Psychosocial factors and treatment satisfaction after radical prostatectomy

Shilajit D Kundu*, David E Victorson, John O. DeLancey, James L. Burns, Lauren Languido, Zeeshan Butt, Sandra Gutierrez, Azra Muftic, Kevin T. McVary, Kent T Perry Jr, Robert B Nadler, Edward Matthew Schaeffer, Anthony J Schaeffer, David Cella

*Corresponding author for this work

Research output: Contribution to journalArticle

Abstract

Sexual and urinary side effects of prostate cancer treatment have been well described in the literature, but less is known about the psychosocial effects of prostate cancer treatment. Objective To prospectively evaluate physical and psychosocial functioning after diagnosis of prostate cancer and factors associ-ated with treatment satisfaction after prostate cancer treatment. Methods Patients diagnosed with prostate cancer at a university-based urology department were invited to participate in this internet-based study. Validated questionnaires were used to evaluate health-related quality of life (HRQoL) domains at pretreatment baseline following diagnosis and at 1, 3, 6, and 12 months after treatment. Domains of HRQoL included sexual, urinary, and bowel functioning; anxiety and depression; and sleep disturbance, pain, and fatigue. Linear repeated measures models were used to examine changes in self-reported measures at each time point. Results Of 105 men diagnosed with prostate cancer enrolled in the study, 54 completed assessments through 12 months. Decreased erectile function and sexual HRQoL following treatment were not significantly associated with worse treatment satisfac-tion over time. Instead, treatment satisfaction was significantly associated (P < .01) with anxiety (r, .28-.60), depression (r, .32-.48), fatigue (r, .40-.56), pain (r, .32-.61), sleep disturbance (r, .51-.59), and bladder problems (r, .41-.63). Limitations Not all patients were enrolled or completed all longitudinal questionnaires, which may bias the results because of unmeasurable factors. We were not able to.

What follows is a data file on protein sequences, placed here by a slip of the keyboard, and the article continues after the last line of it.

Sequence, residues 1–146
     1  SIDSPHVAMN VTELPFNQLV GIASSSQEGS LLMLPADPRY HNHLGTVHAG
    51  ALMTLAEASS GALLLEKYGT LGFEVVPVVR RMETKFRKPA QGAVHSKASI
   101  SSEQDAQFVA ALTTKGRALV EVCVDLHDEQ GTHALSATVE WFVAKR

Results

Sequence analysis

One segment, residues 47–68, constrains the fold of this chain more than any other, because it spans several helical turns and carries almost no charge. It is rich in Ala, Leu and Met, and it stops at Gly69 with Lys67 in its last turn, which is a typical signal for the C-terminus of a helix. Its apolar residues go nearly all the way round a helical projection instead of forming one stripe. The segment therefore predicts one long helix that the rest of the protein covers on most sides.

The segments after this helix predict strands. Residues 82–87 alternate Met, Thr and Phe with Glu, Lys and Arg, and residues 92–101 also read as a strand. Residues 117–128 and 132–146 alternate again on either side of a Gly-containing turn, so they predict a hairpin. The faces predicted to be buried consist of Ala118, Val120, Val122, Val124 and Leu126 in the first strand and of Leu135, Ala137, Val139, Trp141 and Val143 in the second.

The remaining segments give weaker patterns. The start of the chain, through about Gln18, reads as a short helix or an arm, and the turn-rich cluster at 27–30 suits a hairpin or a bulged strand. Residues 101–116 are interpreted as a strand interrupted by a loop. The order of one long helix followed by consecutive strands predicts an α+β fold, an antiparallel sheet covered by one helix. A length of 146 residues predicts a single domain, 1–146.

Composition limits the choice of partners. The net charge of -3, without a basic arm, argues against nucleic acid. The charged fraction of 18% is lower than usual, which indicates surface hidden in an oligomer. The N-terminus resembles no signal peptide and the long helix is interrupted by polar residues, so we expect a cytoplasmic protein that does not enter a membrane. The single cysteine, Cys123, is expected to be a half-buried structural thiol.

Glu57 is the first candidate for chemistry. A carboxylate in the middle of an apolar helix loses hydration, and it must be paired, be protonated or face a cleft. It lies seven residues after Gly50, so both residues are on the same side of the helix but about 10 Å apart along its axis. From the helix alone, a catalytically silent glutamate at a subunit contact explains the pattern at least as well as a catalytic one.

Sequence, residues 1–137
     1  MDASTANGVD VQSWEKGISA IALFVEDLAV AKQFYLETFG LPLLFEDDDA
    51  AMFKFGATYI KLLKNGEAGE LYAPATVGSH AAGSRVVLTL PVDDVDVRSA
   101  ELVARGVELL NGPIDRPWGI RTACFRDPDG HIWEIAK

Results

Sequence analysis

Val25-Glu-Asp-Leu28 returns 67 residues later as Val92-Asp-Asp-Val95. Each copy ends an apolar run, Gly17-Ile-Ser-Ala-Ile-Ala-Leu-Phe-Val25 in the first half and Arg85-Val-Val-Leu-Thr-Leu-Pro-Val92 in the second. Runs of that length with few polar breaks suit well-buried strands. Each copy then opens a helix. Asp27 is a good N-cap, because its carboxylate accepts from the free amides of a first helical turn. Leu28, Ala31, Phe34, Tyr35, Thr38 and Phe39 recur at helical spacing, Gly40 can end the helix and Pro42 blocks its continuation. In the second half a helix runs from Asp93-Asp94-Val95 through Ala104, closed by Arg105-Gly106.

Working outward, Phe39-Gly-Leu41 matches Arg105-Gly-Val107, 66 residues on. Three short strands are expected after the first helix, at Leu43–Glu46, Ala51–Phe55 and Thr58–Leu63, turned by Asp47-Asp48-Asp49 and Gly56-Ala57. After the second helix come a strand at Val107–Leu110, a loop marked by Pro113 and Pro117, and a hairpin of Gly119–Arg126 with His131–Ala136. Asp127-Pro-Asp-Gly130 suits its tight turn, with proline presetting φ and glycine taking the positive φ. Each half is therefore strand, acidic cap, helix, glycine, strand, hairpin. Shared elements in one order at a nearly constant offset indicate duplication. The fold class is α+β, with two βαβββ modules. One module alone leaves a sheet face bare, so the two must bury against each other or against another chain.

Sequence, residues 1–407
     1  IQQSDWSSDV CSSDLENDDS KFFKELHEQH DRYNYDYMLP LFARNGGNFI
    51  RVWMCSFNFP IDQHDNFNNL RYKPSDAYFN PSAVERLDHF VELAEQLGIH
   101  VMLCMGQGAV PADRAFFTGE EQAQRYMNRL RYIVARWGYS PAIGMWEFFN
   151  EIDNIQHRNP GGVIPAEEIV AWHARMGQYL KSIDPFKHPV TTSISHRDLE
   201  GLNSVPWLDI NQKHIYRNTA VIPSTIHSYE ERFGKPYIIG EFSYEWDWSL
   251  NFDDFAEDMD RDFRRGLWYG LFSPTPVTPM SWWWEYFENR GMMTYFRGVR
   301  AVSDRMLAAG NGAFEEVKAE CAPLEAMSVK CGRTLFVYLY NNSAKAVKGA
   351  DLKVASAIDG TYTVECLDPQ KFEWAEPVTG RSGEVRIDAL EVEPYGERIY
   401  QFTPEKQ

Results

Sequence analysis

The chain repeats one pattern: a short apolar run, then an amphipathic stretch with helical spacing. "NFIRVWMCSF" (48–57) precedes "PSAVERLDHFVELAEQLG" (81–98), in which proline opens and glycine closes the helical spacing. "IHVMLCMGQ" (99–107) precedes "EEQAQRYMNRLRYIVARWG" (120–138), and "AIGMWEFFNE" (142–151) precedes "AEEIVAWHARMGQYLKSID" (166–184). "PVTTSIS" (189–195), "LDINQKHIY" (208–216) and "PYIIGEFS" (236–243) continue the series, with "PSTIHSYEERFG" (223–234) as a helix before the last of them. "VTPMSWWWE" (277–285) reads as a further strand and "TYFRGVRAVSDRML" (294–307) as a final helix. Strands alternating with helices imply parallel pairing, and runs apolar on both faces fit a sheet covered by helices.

Original languageEnglish (US)
Pages (from-to)e130-e137
JournalJournal of Community and Supportive Oncology
Volume16
Issue number3
DOIs
StatePublished - Jun 1 2018

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Prostatectomy
Psychology
Prostatic Neoplasms
Quality of Life
Therapeutics
Fatigue
Sleep
Anxiety
Depression
Pain
Reproductive Health
Urology
Internet
Urinary Bladder

ASJC Scopus subject areas

  • Hematology
  • Oncology

Cite this

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title = "Psychosocial factors and treatment satisfaction after radical prostatectomy",
abstract = "Sexual and urinary side effects of prostate cancer treatment have been well described in the literature, but less is known about the psychosocial effects of prostate cancer treatment. Objective To prospectively evaluate physical and psychosocial functioning after diagnosis of prostate cancer and factors associ-ated with treatment satisfaction after prostate cancer treatment. Methods Patients diagnosed with prostate cancer at a university-based urology department were invited to participate in this internet-based study. Validated questionnaires were used to evaluate health-related quality of life (HRQoL) domains at pretreatment baseline following diagnosis and at 1, 3, 6, and 12 months after treatment. Domains of HRQoL included sexual, urinary, and bowel functioning; anxiety and depression; and sleep disturbance, pain, and fatigue. Linear repeated measures models were used to examine changes in self-reported measures at each time point. Results Of 105 men diagnosed with prostate cancer enrolled in the study, 54 completed assessments through 12 months. Decreased erectile function and sexual HRQoL following treatment were not significantly associated with worse treatment satisfac-tion over time. Instead, treatment satisfaction was significantly associated (P < .01) with anxiety (r, .28-.60), depression (r, .32-.48), fatigue (r, .40-.56), pain (r, .32-.61), sleep disturbance (r, .51-.59), and bladder problems (r, .41-.63). Limitations Not all patients were enrolled or completed all longitudinal questionnaires, which may bias the results because of unmeasurable factors. We were not able to.",
author = "Kundu, {Shilajit D} and Victorson, {David E} and DeLancey, {John O.} and Burns, {James L.} and Lauren Languido and Zeeshan Butt and Sandra Gutierrez and Azra Muftic and McVary, {Kevin T.} and {Perry Jr}, {Kent T} and Nadler, {Robert B} and Schaeffer, {Edward Matthew} and Schaeffer, {Anthony J} and David Cella",